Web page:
Elastic Load Balancer (ELB) — Do associate a minimum of two EC2 instances per ELB. Don’t let downtime on an EC2 instance affect user experience.

Elastic Cloud Compute (EC2) — Do spread out your EC2 instances across all Availability Zones. Don’t put all your eggs in one basket, on the off chance AWS drops it. 🐣

Performance Efficiency

The Performance Efficiency pillar focuses on the efficient use of computing resources to meet requirements, and maintaining that efficiency as demand changes and technologies evolve.

  • AWS Performance Efficiency Pillar White Paper, November 2016

The AWS platform changes extremely frequently, and at an ever increasing rate. (see graph) This means the services you know and love are constantly improving. An infrastructure created in 2011 will not be as efficient as one made in 2017, even if you were following best practices at the time. This pillar is meant for you to make sure that you are delivering a consistently speedy experience to your users, by upgrading your resources to the most up to date versions released by AWS, and following performance best practices.

![graphic image](https://lh5.googleusercontent.com/hxod4bLj9PatZoDGDmPcCAurcc1tpdeR7TiYgQ5xd4sYbIdjQLmkTV2Vl7zn267_BJGjRjXHhns3WmCsGmiGpxeT3KLR8Rty1M7JCJVJVUou1HgiV15fv_1DyrV7aVTmuztMP0RS “Graphic borrowed from: @acloudguru AWS Developer Certification Course” =602x339)

Example best practice:

Elastic Cloud Compute (EC2) — Do make sure to upgrade EC2 instances that are overutilized. Don’t let CPU utilization average above 90%.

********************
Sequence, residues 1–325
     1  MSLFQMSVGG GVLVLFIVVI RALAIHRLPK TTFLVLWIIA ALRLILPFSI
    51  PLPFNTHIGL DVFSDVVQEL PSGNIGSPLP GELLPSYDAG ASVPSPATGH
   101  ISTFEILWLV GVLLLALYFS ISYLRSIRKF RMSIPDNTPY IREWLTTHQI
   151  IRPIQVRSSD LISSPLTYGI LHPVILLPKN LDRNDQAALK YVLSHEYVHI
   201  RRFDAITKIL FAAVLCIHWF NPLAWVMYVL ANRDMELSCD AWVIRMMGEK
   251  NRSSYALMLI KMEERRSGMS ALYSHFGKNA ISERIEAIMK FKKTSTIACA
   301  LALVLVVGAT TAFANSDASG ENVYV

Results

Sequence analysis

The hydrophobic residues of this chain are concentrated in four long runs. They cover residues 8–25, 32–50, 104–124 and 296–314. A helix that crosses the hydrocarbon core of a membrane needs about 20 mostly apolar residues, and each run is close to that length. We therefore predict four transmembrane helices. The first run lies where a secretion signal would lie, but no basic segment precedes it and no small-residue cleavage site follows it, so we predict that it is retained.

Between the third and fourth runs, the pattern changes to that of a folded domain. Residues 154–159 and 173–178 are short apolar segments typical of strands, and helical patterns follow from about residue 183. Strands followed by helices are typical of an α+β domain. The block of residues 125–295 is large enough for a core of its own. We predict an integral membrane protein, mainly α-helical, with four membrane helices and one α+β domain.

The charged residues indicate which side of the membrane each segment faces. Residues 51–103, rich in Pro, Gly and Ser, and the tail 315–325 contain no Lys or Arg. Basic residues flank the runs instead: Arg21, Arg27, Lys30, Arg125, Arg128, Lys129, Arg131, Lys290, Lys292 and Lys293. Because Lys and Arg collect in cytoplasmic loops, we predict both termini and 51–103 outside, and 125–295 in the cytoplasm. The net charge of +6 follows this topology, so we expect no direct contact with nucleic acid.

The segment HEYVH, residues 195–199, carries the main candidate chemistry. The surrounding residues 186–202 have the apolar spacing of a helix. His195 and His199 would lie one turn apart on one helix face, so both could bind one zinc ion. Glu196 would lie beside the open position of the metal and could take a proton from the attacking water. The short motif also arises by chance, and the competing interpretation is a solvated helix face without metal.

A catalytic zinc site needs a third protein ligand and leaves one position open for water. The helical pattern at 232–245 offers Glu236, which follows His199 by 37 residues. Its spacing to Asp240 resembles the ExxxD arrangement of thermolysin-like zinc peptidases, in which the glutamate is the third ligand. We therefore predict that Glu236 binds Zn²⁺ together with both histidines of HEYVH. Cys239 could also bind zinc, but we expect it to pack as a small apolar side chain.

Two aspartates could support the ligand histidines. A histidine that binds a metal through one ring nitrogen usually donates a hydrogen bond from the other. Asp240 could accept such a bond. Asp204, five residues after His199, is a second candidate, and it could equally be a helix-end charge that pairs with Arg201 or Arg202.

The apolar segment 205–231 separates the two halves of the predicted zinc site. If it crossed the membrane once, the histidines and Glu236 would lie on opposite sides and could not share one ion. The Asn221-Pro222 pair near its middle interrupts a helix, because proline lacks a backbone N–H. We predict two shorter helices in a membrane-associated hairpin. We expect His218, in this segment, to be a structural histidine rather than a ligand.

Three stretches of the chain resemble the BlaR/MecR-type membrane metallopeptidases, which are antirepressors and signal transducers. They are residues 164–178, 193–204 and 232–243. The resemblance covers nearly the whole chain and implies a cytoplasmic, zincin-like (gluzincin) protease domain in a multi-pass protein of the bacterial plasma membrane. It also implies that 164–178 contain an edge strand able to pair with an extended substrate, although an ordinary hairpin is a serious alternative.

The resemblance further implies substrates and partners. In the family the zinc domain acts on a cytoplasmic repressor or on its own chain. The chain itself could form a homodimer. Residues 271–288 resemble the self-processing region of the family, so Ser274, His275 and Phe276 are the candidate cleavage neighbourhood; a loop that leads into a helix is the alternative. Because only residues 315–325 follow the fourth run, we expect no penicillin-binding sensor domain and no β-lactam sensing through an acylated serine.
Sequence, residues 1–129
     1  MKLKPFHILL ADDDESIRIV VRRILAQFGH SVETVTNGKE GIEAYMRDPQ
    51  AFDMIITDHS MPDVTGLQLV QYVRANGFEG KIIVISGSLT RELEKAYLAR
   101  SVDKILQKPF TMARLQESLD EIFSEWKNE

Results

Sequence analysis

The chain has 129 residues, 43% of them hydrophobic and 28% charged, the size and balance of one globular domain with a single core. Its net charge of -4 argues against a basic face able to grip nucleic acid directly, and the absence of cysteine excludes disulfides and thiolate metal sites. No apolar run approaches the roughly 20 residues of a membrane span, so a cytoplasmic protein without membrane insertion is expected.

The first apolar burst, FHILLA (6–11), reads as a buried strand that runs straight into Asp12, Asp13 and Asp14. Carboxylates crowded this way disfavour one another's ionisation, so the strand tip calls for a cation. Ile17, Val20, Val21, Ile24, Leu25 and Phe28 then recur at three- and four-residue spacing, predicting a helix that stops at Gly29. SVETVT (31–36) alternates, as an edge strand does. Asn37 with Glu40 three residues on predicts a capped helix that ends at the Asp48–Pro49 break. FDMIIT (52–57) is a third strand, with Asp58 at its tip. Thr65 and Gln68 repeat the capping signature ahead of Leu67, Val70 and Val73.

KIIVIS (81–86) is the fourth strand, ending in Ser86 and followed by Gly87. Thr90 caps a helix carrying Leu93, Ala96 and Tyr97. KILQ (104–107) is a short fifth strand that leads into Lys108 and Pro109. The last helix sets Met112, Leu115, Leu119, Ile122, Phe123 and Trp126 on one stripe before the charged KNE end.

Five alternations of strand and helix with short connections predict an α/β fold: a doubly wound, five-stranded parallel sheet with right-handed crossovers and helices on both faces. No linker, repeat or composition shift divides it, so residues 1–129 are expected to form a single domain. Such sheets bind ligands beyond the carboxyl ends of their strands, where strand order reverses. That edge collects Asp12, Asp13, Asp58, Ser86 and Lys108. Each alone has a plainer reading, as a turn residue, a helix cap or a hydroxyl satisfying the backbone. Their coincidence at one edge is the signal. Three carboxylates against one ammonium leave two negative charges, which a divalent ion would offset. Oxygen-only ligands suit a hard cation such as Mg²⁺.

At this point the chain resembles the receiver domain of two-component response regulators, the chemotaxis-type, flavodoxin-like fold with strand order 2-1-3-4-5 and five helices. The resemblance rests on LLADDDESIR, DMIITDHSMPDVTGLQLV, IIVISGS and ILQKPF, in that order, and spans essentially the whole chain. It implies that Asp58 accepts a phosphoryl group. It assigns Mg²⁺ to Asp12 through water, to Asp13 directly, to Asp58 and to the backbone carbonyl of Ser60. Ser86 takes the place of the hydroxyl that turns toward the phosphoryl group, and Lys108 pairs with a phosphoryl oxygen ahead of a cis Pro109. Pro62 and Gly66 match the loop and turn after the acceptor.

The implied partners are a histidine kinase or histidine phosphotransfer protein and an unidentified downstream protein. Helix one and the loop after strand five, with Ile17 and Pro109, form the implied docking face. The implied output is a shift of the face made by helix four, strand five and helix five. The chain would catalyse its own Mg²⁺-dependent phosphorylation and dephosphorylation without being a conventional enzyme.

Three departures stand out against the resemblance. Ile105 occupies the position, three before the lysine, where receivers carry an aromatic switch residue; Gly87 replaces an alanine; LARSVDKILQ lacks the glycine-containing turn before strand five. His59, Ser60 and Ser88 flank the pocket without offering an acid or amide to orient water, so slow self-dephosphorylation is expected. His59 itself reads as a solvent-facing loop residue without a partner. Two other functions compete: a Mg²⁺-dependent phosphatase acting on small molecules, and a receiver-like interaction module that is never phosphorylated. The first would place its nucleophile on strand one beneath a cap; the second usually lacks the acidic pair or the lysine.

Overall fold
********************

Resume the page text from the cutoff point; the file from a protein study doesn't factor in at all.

Elastic Cloud Compute (EC2) — Do ensure that all of your servers are running the latest version of EC2 instances. Don’t run servers using legacy products.

Cost Optimisation

The Cost Optimization pillar is used to assess your ability to avoid or eliminate unneeded costs or suboptimal resources, and use those savings on differentiated benefits for your business.

  • AWS Cost Optimization Pillar White Paper, November 2016

We consistently see AWS infrastructures running unused or underused resources. This can lead to wasted spending in the 50+% range. You’d be surprised by how common it is for AWS developers to spin up a resource for testing purposes, and then forget about it for months while it accumulates hundreds in useless spend. By following the principles and practices of this pillar, you’ll reduce your monthly spend and clean up unnecessary resources found within your infrastructure.

Example best practice:

Elastic Block Store (EBS) — Do ensure you’re running only EBS instances that you’re actually using. Don’t let idle EBS volumes balloon your costs unnecessarily.

Elastic Cloud Compute (EC2) — Do downsize underutilized EC2 instances to your usage level. Don’t needlessly pay for compute capacity that you’re not using.

Operational Excellence